Courtesy of Bert-Jan Elfrink
Greenland Dog (Gronlandshund)
Considerable difference of opinion still exists concerning the names of the arctic sledge-hauling dogs. The Alaskan Malamute and the Siberian Husky have been successfully separated in name, classification and recognition by the major canine authorities, but there is still some confusion concerning the Gronlandshund and the Eskimo Dog, some authorities still dividing the two. The FCI however recognises the Gronlandshund, whilst the Canadian Kennel Club recognise the Eskimo Dog. He is big, up to twenty-five inches at the shoulder and strong and well-built with it, his stand-off coat making him look even more massive.
As a sledge-hauling dog he played his part in the exploration of the Arctic regions, and is still used competitively in sledge races. The Eskimoes used dogs for work for centuries before mechanisation took over, and in addition to the actual hauling that he did, the Greenland dog proved to be an excellent guard, and watchdog. His coat is long and hard, and he has a thick soft undercoat which affords him protection from the weather. He is extremely hardy, capable of existing on the minimum of sustenance and out of doors in the worst weather. His colour is not considered to be an important feature, but white, grey, black and little tan in almost any proportions are acceptable.
He is reserved with strangers but becomes attached to those with whom he lives.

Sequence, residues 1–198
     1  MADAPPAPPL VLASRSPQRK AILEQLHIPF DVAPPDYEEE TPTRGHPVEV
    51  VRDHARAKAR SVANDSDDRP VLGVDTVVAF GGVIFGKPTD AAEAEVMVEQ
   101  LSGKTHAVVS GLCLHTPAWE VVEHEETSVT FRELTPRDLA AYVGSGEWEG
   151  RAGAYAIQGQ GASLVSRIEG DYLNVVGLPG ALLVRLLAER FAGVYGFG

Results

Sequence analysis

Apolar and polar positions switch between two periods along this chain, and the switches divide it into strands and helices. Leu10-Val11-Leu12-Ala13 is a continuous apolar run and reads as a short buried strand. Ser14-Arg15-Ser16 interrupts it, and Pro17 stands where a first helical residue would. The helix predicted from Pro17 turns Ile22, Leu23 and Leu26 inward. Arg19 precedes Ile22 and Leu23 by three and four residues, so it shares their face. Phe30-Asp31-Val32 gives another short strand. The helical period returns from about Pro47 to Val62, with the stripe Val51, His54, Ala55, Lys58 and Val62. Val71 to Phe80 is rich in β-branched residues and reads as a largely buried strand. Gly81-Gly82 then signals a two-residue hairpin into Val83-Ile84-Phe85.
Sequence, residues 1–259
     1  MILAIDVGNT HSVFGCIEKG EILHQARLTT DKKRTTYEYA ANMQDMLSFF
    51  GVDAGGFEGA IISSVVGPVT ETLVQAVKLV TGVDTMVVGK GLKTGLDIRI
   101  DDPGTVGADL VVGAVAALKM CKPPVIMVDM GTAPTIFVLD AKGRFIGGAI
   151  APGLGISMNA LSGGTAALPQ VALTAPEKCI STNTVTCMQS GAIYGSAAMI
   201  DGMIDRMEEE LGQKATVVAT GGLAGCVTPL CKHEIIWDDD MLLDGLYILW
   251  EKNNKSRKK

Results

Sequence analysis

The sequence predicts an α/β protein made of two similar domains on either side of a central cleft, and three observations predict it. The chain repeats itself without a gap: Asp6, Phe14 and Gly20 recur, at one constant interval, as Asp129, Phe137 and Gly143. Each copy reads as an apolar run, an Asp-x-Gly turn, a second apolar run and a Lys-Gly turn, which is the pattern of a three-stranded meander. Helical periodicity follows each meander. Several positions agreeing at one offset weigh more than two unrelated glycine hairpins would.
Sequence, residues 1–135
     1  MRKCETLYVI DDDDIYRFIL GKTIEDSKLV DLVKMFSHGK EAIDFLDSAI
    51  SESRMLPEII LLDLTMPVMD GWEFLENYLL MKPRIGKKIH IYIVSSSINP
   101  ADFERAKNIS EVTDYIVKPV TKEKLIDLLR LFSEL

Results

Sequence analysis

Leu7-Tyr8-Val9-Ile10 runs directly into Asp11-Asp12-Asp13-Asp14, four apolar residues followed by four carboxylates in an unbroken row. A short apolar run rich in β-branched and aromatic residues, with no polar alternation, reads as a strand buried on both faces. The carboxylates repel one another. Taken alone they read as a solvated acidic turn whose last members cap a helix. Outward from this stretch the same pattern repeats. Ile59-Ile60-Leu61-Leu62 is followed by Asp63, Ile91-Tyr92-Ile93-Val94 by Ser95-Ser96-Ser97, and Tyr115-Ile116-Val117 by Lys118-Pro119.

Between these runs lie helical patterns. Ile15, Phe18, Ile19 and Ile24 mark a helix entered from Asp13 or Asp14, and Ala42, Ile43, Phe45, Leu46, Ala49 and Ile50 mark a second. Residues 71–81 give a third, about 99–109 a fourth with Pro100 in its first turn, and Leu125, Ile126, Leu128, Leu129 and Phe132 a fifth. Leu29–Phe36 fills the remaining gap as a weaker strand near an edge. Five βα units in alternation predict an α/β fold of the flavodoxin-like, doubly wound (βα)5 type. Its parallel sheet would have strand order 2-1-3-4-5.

The Eskimo Dog is one of the most famous working dogs in the world, but unfortunately has suffered from confusion as the result of other, smaller and less popular sledge dogs being credited with his name. The Eskimo Dog proper originated in Greenland and is the most generally useful of the hauling dogs of all the Arctic countries. He is very much part of the heritage of northern Canada, and known to the Inuit people as the ‘Kingmik’, he was the only breed of domestic animal know to the early Arctic peoples. He hauled sledges, carried packs and was used for hunting.
He guarded the camps and property, was the plaything of the children when he was young, and whilst working hard he lived frugally and made little inroad into the limited resources of the people with whom he lived. These dogs were first encountered by explorers who immediately found them the only answer to their transport problems. He was first written about one hundred and fifty years ago and was accepted as a separate breed by the Canadian Kennel Club before the turn of the century. Although mechanisation has restricted the absolute need for these magnificent dogs, they are still used competitively. There was at one time danger that the breed would disappear, but recent efforts to ensure its continuance are proving entirely successful. He is a large strong dog of rugged build with a weatherproof coat, and the more attractive marked ones that are appearing in the show rings of the world are gaining the breed new friends all the time.
He is a very intelligent and good-natured dog.